Tasks on diversity
Tasks on diversity
Tasks on diversity, representation, inclusion, norm critique
The topic of the teaching material is diversity. The tasks make it fun to get to know the theme with children and young people. The tasks are divided according to working methods, so you can try drawing, poetry, acting, writing, reflection, or creativity. Tasks can be used in primary school, middle school and second grade.
At the beginning there is background information for the teacher and literature tips related to the theme. At the end, you will get information about the DRIN project, which is behind the tasks.
Background information and literature tips
Diversity, representation, inclusion, norm critique
We are all unique individuals. For example, we have varying skills, unique habits, and we all look different as well. At the same time, some of us also have a lot in common with each other. We can speak the same language, be the same gender, enjoy the same foods, have the same hobbies, or read the same books. In other words, backgrounds and preferences can be both unique and shared. This great variation that exists among us is called diversity and it is a strength in our society that the DRIN project highlights.
However, this diversity is not represented enough in children’s literature, even though many different languages, such as Russian, Arabic and Somali, are spoken in Finnish school classes as well. Regardless of what our own background is, each of us has the right to find characters we can relate to in the stories of books, because the characters in the stories help us to feel and understand the world around us.
Through this book list below, you will get suggestions for literature on diversity. The books are needed in some tasks, and they can be read by themselves in the class.
Laura Henry-Allain Mbe: My skin, your skin (Ladybird Books, 2021)
Joanna Ho: Eyes that kiss in the corners (Harper, 2021)
Colin Kaepernick: I color myself different (Scholastic Inc, 2022)
Liisa Moore Ramée: A good kind of trouble (Balzer + Bray, 2020)
Dean Atta: The Black Flamingo (Hodder, 2019)
Li Jian: The magical rooster: a tale in English and Chinese (Translated by Yijin Wert, Better Link Press, 2016)
Katri Tapola: Linnun neljä laulua (Translated by Aya Chalabee, Aviador, 2022)
Christine Pillainayagam: Ellie is brown (Faber, 2022)
Harald Haarmann: Modern Finland (McFarland & Company, 2016)
Yaa Gyasi: Homegoing (Penguin Books, 2017)
Reni Eddo-Lodge: Why I’m no longer talking to white people about race (Bloomsbury Circus, 2017)
Multicultural and multilingual poems based on English
DRIN publication with book recommendations https://www.goethe.de/resources/files/pdf251/publikation-drin-v1.pdf
The German Academy for Childrens’ and Youth Literature booklist https://www.akademie-kjl.de/tagungen/jahrestagung/#iLightbox[gallery_image_1]/0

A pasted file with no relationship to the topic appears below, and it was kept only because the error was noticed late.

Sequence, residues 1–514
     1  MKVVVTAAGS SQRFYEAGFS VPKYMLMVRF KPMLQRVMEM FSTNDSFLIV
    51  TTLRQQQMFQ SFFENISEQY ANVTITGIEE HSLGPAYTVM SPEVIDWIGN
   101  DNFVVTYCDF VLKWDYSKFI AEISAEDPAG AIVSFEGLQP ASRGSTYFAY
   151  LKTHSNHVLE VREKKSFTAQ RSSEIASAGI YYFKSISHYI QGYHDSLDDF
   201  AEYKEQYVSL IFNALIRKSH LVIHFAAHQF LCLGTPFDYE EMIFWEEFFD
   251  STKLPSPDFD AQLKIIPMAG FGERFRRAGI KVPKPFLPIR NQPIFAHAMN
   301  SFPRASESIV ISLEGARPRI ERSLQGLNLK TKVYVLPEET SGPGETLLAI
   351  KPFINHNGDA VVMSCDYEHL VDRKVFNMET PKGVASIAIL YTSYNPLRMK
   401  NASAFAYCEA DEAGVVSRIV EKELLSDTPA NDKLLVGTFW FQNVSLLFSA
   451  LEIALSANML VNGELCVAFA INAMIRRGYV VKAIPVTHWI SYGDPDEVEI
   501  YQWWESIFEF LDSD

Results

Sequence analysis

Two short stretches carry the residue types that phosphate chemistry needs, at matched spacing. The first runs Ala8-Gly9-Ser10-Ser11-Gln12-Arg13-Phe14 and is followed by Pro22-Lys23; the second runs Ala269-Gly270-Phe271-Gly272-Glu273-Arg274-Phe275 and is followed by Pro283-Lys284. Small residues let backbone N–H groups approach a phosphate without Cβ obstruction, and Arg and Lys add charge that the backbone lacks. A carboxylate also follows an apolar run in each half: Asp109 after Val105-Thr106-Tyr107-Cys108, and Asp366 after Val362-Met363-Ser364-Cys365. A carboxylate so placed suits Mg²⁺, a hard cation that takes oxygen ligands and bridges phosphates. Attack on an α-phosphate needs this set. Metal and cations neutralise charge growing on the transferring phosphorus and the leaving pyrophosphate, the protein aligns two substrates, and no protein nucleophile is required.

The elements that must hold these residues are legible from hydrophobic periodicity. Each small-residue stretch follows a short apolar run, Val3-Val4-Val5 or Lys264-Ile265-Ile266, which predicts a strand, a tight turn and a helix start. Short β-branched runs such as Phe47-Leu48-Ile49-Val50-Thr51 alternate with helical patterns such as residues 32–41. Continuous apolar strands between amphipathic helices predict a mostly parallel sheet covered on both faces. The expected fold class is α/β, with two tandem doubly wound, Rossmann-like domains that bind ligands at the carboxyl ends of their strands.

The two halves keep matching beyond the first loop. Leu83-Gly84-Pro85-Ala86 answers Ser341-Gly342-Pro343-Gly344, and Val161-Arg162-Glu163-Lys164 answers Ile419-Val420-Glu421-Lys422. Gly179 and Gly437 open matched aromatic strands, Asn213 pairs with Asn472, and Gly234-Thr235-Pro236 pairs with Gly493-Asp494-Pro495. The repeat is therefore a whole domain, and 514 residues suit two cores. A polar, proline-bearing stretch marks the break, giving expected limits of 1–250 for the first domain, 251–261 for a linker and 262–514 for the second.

10 recommended books for different ages
10 facts about global literacy by the Finnish Reading Center
- Imagine the cartoon characters
The following pictures show Trilce García Cosavalente’s characters without speech bubbles in an African refugee camp: https://trilcegarcia.com/illustrating-refugees-desires
What speech bubbles would you write for them? What are they talking about? What are they thinking? What are their names? Where are they going? Use your imagination!
And what would happen in the pictures were they not in the refugee camp? how does the story change?
Draw your own cartoon about people who arrive in Finland. How old are they? what do they look like? why have they come to Finland? and what do they see first in Finland and what do they think about it?
- Study the illustrations of a children’s book
Take a look together at a children’s book that has illustrations. What kind of characters are in the story? What kind of characters can you not find? Can you relate with the characters? You can also reflect upon how culture is visible in the style and color of the illustrations.
A Zine exercise designed by Trilce García Cosavalente. A Zine is a fun and easy way to make a small eight-page presentation booklet about yourself. To start, watch this video in English that explains how to make the booklet: https://www.youtube.com/watch?v=Ixqr9e3wCxI
Use your unlimited imagination and draw on the next eight pages
1. Cover image
3. What is your greatest strength?
4. What is your greatest weakness?
5. What achievement are you most proud of?
6. How do you think your best friend would describe you?
7. What would you like to tell the world?
8. Free drawing
While you are presenting your Zine booklet, think about how the booklets are different and what do they have in common?